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Let the healing and rebuilding begin

The suffering in Haiti forces us to face the world's inequities

By David Wilson

I am writing this in January, seven days after the earth shook and Haiti crumbled. Across the room, the TV flickers soundlessly. For the first time since the disaster, the all-news TV networks have begun to intersperse their 24/7 Haiti coverage with other stories. You might conclude that things are returning to normal. You would be wrong.

There can be no normal as long as bulldozers continue to pick bodies up from the street and load them into dump trucks at a rate of 10,000 a day; as panicked mobs beat and kill looters; as doctors who have worked for days without rest perform amputations without anaesthetic; as a tent city for 400,000 takes shape a stone’s throw away from the huge pits where nameless bodies are dumped. I don’t pretend to know what evil is, but it must be something like the Haiti earthquake. It is hard not to ask why a God who is good would allow something as indescribably bad as this to happen.

Haitians are the victims but disaster has affected us all. It has forced those of us far away from the epicentre to hold a mirror up to ourselves. Some of what we see we like. For example, we are genuinely caring and generous. Canadians have enthusiastically joined in the global effort to raise hundreds of millions of dollars for Haiti relief. The United Church’s special appeal for Haiti (Interview with Jim Hodgson) is part of a remarkable outpouring of support.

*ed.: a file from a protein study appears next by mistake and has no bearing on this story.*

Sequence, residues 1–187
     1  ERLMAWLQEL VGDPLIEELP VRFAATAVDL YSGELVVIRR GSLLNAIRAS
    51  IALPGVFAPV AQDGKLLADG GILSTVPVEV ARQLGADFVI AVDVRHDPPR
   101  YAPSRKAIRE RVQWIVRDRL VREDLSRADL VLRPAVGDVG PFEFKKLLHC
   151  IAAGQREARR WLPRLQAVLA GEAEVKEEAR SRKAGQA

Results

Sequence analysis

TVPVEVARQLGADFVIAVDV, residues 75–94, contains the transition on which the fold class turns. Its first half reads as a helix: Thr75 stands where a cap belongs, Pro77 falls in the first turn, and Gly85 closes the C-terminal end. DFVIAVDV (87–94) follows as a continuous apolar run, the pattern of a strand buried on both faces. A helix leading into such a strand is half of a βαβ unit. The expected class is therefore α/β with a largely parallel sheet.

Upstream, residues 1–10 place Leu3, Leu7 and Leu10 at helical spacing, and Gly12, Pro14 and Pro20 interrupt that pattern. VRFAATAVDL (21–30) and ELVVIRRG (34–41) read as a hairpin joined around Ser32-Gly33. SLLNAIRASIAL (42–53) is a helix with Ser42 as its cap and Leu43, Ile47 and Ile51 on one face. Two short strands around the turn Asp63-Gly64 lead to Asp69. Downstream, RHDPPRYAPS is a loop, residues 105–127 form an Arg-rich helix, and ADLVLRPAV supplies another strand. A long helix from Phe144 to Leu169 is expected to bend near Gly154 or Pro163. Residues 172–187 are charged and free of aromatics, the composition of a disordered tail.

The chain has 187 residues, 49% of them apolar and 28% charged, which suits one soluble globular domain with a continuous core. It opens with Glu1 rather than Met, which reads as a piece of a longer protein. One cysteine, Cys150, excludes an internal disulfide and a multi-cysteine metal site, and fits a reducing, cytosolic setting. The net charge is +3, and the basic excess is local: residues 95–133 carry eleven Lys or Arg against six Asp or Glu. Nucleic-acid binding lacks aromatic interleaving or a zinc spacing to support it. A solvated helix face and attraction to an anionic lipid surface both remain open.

There’s a temptation to pat ourselves on the back. We must resist it. Being generous is the very definition of what it is to be a follower of Jesus. If you are able to donate something to Haiti relief but haven’t, ask yourself why not. If you have already given money, ask yourself why you haven’t given more.

The suffering in Haiti forces us to face up to inequities we know exist in our world but would rather not contemplate. For a lot of us, Haiti is only a three-hour plane ride away, but for years we have ignored dire problems: 80 percent of the population living below the national poverty line; one of the highest infant mortality rates on the planet; and more than half the adult population unable to read or write. The earthquake that flattened buildings in Port-au-Prince, Leogane and Jacmel has shaken us out of our complacency. It is not possible to turn a blind eye to Haiti anymore.

No good can ever come from a disaster like this, but I think it is safe to say that Haiti has been seared into our collective consciousness. In the months and years to come, what we do with what we have learned — about ourselves and about our relationship with the Western Hemisphere’s poorest of the poor — will test our personal faith and collective character. If we in the privileged world commit ourselves to helping Haiti heal and rebuild — for starters, by joining the global movement to cancel Haiti’s foreign debt — the terrible suffering of its people will not have been entirely in vain.

• Our annual reader survey appears this month. (It’s also available for download here.) This year, it focuses on the relationship between pulpit and pew. Lay people and ministers are encouraged to participate — it’s all anonymous.  We need your responses mailed to our offices by March 31. That will give us time to crunch the numbers, make sense of what they say and report the results in July.

Author's photo
David Wilson is the editor-publisher of The Observer.
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